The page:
Introduction to SSL
Secure Sockets Layer (SSL) is an encryption-based internet security protocol for establishing authenticated, encrypted links between networked computers to provide privacy and integrity to internet communications. It has been everywhere used to get the trust from the parties; for example, when you search on google, various websites have been open, each content lock sign at the left corner, this lock sign indicates that the particular site is secure to use. Many online businesses used this SSL concept to get the users’ trust.
What is SSL?
SSL stands for Secure Sockets Layer, and it is a protocol that is being used to provide secure communications to a computer network. The protocol’s official name is now changed and replaced; it is known as TLS, which stands for Transport Layer Security. While SSL was the foundation for TLS, it came as a replacement for the vulnerabilities that were discovered in SSL.
There is personal and secure information in today’s world, and that needs to be protected against hackers and criminals. Exchange of information can happen between a server and a client (e.g. a browser and a website) and also can happen with a network of servers.
Whenever SSL secures a network or a website, HTTPS appears in the URL. HTTPS stands for HyperText Transfer Protocol Secure. Also, one can see many more details about the issuing authority of the SSL certificate and the corporate name of the website owner by clicking on the top left lock symbol that appears on the browser bar.
Working of SSL (How a secure connection is established)
The basic approach that is being used behind the SSL is when you enable and install an SSL certificate on a server and when a client, say the web browser tries to connect with it, the SSL certificate triggers an SSL protocol which encrypts all the data between the client and the server. An SSL handshake happens between the client and the browser, which is invisible to the users. In order to set up the SSL connection, three keys are required: the private key, the public key, and the session keys.
The rule is:
The private key and vice versa can only decrypt anything which is encrypted with the help of a public key. Once the connection is established, the session key is being used to encrypt all the data.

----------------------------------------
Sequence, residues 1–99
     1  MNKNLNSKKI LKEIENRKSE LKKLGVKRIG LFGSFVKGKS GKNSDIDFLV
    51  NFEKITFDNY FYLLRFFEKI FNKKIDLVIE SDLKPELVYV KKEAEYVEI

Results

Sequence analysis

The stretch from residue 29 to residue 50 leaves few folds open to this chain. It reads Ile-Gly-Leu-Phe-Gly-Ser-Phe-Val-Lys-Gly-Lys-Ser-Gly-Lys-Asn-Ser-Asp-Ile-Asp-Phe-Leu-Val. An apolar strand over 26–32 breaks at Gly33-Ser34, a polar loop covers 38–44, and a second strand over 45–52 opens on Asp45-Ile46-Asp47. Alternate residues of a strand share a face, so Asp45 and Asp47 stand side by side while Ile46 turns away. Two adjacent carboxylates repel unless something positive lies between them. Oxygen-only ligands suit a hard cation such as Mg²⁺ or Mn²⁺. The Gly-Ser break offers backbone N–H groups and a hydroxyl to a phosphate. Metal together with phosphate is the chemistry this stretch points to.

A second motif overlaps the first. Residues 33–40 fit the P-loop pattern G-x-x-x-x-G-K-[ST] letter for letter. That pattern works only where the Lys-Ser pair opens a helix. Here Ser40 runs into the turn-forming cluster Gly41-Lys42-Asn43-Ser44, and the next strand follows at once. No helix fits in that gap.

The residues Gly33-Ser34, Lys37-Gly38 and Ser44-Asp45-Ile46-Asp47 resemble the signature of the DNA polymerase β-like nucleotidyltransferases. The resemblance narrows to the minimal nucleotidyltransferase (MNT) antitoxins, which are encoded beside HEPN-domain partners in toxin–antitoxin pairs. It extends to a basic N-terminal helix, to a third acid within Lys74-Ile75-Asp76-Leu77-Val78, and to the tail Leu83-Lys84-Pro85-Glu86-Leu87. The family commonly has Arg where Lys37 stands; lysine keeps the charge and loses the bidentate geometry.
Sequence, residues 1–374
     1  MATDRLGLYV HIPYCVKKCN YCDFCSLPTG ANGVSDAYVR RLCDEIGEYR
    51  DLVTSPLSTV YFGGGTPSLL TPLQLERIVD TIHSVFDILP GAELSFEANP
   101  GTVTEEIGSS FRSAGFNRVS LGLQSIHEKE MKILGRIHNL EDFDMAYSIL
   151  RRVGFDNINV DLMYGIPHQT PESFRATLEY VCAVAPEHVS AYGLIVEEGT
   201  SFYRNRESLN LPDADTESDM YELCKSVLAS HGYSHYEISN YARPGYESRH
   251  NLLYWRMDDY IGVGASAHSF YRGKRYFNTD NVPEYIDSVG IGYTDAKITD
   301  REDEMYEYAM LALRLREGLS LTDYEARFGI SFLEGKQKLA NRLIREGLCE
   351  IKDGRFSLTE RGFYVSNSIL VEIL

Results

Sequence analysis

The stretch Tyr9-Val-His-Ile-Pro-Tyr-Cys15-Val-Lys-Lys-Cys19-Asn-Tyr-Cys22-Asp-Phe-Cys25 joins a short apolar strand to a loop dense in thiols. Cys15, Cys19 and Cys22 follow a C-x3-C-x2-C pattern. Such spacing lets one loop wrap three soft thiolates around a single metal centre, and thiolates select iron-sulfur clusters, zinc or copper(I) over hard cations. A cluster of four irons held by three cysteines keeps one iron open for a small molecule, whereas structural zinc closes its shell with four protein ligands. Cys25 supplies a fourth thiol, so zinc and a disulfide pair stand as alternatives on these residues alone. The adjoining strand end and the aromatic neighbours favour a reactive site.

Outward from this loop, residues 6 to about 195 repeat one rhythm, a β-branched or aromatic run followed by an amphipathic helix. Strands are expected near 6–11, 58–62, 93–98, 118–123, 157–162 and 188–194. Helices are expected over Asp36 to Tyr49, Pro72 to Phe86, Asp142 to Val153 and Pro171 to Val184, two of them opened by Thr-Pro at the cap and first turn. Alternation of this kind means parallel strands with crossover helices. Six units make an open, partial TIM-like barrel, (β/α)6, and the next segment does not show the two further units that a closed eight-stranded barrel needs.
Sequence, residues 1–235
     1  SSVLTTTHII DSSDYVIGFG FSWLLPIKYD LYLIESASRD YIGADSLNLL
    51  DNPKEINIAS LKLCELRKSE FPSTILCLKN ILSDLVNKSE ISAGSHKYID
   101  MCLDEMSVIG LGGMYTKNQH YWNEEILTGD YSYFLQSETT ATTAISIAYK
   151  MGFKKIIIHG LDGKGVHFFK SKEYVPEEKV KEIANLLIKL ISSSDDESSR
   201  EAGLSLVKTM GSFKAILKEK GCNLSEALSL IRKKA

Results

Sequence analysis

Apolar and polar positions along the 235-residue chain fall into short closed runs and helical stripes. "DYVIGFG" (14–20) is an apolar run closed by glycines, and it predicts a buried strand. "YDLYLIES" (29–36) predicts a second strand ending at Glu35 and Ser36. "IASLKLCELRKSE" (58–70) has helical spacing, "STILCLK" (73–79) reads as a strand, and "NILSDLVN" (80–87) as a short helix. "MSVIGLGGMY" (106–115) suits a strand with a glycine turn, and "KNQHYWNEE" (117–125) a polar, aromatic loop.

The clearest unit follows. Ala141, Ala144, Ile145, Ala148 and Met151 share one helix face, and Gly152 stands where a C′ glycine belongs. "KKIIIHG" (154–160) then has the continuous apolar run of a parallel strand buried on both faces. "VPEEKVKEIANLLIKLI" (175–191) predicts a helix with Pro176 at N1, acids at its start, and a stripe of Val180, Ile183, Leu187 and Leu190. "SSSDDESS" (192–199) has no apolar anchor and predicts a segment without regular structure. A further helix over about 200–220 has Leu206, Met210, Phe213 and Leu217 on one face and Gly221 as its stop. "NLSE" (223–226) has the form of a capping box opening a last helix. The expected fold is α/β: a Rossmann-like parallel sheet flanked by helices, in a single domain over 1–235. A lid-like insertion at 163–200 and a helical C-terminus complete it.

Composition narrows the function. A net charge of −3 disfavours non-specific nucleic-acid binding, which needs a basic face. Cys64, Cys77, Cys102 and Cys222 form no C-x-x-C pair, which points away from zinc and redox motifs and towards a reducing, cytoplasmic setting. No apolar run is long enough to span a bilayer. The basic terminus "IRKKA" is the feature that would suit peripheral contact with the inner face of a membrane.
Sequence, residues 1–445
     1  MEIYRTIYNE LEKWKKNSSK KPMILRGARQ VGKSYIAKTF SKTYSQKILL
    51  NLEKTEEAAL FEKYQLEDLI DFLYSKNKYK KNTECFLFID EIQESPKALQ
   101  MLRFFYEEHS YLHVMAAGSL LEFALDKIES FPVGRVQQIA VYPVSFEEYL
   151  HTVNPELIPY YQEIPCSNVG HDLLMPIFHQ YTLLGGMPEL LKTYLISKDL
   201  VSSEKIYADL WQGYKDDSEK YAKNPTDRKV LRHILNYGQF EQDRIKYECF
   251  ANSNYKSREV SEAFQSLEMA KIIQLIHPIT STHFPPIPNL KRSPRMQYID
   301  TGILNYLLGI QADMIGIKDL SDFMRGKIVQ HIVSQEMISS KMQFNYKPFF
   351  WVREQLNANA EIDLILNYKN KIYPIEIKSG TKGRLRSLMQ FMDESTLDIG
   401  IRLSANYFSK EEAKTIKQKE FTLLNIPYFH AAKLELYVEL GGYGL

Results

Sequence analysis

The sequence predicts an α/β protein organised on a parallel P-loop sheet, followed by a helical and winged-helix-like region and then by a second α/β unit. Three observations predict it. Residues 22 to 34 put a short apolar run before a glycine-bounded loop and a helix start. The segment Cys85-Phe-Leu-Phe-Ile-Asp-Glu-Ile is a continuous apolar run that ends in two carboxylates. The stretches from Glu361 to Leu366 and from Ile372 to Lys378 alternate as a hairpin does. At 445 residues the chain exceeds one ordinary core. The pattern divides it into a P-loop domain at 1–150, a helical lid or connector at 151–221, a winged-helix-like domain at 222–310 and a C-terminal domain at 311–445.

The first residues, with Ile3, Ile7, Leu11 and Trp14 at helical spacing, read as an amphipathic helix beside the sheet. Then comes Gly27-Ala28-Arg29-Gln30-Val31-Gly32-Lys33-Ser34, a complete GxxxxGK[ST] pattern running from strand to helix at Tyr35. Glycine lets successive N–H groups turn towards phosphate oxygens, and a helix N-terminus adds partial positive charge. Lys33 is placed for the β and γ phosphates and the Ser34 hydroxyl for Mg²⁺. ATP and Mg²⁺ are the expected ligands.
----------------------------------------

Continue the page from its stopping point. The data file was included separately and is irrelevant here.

Different algorithms are used for encrypting the data in SSL, and Symmetric algorithms supported in SSL are Camellia, DES, 3DES, RC2, ARCFOUR, AES, IDEA, SEED, NULL (i.e. no encryption).
What are the steps involved in establishing a secure connection via SSL?
Following are the steps that are involved in establishing a secure connection via SSL:
- The web browser, i.e. the client, connects to the server that is secured with an SSL. The browser/client requests for server identification.
- Next, the server sends the SSL certificate that CA issues to the client. Along with the certificate, the server also sends its public key.
- The client, i.e. the browser, receives the copy of the certificate, and then it verifies the different properties, i.e. checks for expiry, revokes, and validity. If the resulting check is trusted, a symmetric session key is sent back to the client, which is encrypted using the server’s public key.
- The server then decrypts the symmetric session key using its private key. An acknowledgment is also sent back, which is encrypted with the session key.
- Once the secure connection is established, all the transmitted data is encrypted with the help of a session key.
Features of SSL and Security Provided
SSL/TLS provides features for data encryption, authentication, and the integrity of data.
When a data is encrypted with SSL, that basically means:
- Nobody reads the sent data/message.
- Nobody modifies the message/data.
- The message/data is sent to the intended recipient.
To make sure that the message has reached the recipient and no one has modified it, SSL encrypts this and signs it.
Both the process requires the use of keys.
Public, Private, and the Symmetrical Keys
- Public Key – A public key converts a message into an unreadable format using algorithms, and only the person who is having the public key can encrypt the message. On the other end, the receiver has a private key, with the help of which he can decrypt the message.
- Private Key – The private key is being used to decrypt the message, which was encrypted using the public key.
As the name suggests, the public key is available to everyone who is having access to the repository.
A public key more or less, could look like below:
1048 0141 03C9 18FA CA8D EB2D EKD5 FD37 89B9 M069 EA97 FC20 5E35 F577 EE31 C4FB C6B4 4811 7A86 BC8F BAFA 362F 922B F01B 2K40 C744 2654 C0DD 2881 D673 CA2B 4013 C266 E2ED CB02 0201 0011.
Going with the most famous example, if Bob wants to send sensitive information to Alice, he will encrypt the data with Alice’s public key. By doing this, he would make sure that only Alice should be able to read it. While on the other side, only Alice has access to the corresponding Private Key. So only the person with the private key has the capability to decrypt the encrypted data.
Keys and Certificates
In public/private key cryptography, how do we know that the public key belongs to the entity that has claimed it?
The digital certificate is the answer to this.
A digital key is like an electronic password that provides a link between the public key and entity (like the company, business), which is verified. Digital certificates are the preferred way of distributing public encryption keys that are trusted.
How are Digital Certificates obtained?
Digital certificates can be obtained from any of the recognized Certificate Authority or CA.
Some of the popular certificate authorities companies are:
- Comodo SSL.
- Entrust Datacard.
- Network Solutions.